Post Traumatic Stress


Author: David Causey, USA (Ret.)

Surveilling Soldier. Photo by The U.S. Army is licensed under CC By 2.0

Don’t get the wrong idea from the title.  I’m not talking about living with regret, but gratitude.  I’m talking about knowing the terrible things that might have been – but are not.  But in order to know what terrible things might have been, we must often be partakers of such troubles.


Nearly every time my wife and I pray together, we thank God that all our cars are running.  Why do we do that?  It’s because we’ve endured so much trouble from vehicle breakdowns or cars that won’t start.  Still fresh in our minds are all the crazy things we used to do, especially through the winter, to make sure a troublesome car would start.  For instance, we’d always be sure to park on an incline.  This way, if the starter failed or the battery was dead, we could still get the car started by “popping the clutch.”  This entailed, shifting into first gear, stepping on the clutch, getting the car rolling, and then releasing the clutch.  This usually succeeded in getting the car started without a functioning starter or with a dead battery.

Far more poignant is the person who’s suffered from debilitating sickness and whose life has revolved around hospital visits – or the parent whose child has endured the same.  If they or their child finally enjoys some relief from sickness, their every breath is a prayer of thanksgiving to God for their health.  For they know from personal experience what might have been, but isn’t.


Armor crewmen assigned to Task Force Raider load Sabot rounds onto a M1 Abram Tank during a pre-deployment training exercise at Fort Hood, Texas, August 18. Sabot rounds work like a basic arrow by penetrating armor with momentum of force rather than explosive power. (Photo by U.S. Army Sgt. Sarah Kirby)

There is a definite advantage in finding out, firsthand, that life is very breakable.  There’s a great advantage is knowing how frail we are and how vulnerable we and those we love are to illness, tragedy, and death.  For who appreciates life and its blessings most, but the person who’s suffered?  Who appreciates a fully-functional immune system, but the person who’s keenly aware of the many ways it can break down?  And which believer is more grateful for their new life in Christ than the one whose life has been broken to pieces by sin, abuse, and addiction?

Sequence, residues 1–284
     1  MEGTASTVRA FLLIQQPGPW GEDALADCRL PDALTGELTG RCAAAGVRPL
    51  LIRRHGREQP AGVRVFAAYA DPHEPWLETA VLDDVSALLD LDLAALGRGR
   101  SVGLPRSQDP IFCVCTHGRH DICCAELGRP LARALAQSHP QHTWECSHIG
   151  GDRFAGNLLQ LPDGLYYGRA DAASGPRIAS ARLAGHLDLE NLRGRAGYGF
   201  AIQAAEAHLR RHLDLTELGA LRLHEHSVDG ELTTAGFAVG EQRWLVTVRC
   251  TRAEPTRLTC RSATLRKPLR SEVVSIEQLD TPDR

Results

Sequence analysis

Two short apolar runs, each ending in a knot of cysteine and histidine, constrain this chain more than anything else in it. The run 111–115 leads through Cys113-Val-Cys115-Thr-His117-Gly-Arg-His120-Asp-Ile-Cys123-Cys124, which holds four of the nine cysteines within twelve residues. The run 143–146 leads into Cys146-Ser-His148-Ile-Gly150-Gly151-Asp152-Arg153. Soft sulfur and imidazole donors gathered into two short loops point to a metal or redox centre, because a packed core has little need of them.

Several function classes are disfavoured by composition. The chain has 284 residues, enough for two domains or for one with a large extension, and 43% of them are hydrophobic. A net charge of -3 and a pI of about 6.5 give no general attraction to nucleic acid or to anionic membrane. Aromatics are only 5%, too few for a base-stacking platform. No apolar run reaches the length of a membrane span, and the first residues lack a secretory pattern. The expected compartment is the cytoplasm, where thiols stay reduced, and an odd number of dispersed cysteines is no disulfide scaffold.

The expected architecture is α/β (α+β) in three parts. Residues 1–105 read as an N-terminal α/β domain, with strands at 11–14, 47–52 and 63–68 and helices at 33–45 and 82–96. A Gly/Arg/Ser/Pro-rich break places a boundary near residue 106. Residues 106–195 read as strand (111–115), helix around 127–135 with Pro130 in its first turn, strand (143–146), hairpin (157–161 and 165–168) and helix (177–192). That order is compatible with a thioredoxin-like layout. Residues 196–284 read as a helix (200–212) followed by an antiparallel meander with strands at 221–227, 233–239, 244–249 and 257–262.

On the other hand, who is most arrogant and obnoxious but the person who’s never known defeat?  Who’s the least grateful for their health, their loved ones, and life’s blessings than the person who’s never been without them?  Who’s the least empathetic and compassionate toward the sick, but the person who’s always enjoyed perfect health?

The bottom line is this.  It is for our good that we partake of life’s brokenness.  It is to our advantage that we taste of defeat, suffer illness, and experience loss.  For, it will ultimately make us more like Jesus and prepare us for heaven.

Hope in Trauma

A World War II historic paratrooper jumped from a vintage Douglas C-47 wearing the uniform of the paratroopers who jumped into this very drop zone at Sainte Mere Eglise, France 74 years ago. These historic jumpers were joining a multi-national parachute demonstration being conducted by the 173rd Airborne Brigade which included paratroopers from the France, Holland, Germany, Romania and the United States.

Most people suffer life’s brokenness in more manageable amounts, spread over a long period of time.  But some – usually younger adults in the military, law enforcement, or emergency response – get a crash course in their own vulnerability and mortality.  By what they see and experience, they’re traumatized when their sense of invulnerability is shattered.  But the path to healing is not found in the pursuit after the old sense of security and frivolity.  It’s in accepting this new awareness of our frailty as a stiff dose of reality.  It’s in learning to lean more and more on God as the true source of security and strength.

David, in the Bible, must have had such an experience.  King Saul routinely sent him on dangerous missions – often in hope of getting him killed.  David repeatedly engaged in hand to hand combat and looked into the eyes of his enemy.  It was a terrifying and bloody business and must have deeply traumatized David.  But read his psalms in the Bible.  “The LORD is my rock, my fortress, and my deliverer.  My God is my rock in whom I take refuge.  He is my shield, the horn of my salvation, and my stronghold.  I call upon the LORD, who is worthy to be praised, and I am saved from my enemies” (Psalm 18:2-3).  David took the right lesson from his trauma.  He placed his trust entirely in the Living God and found Him faithful.

So don’t dread life’s brokenness, no matter how painful it may be.  God is using it to develop your faith in Him.  God’s confronting you with your own frailty to make you more thankful, more compassionate, more humble, and more like Jesus Christ.  He’s preparing you for heaven.


Dear Father in heaven, thank you for my valleys and rocky roads.  Thank you for my setbacks and frailties.  Please help me to keep looking unto Jesus, the author and perfecter of my faith, who, for the joy set before Him, endured the cross – even though He despised the shame – and is now enthroned at Your right hand.  Remind me that the same joy awaits me if I keep following Jesus and trust in Him. Amen.


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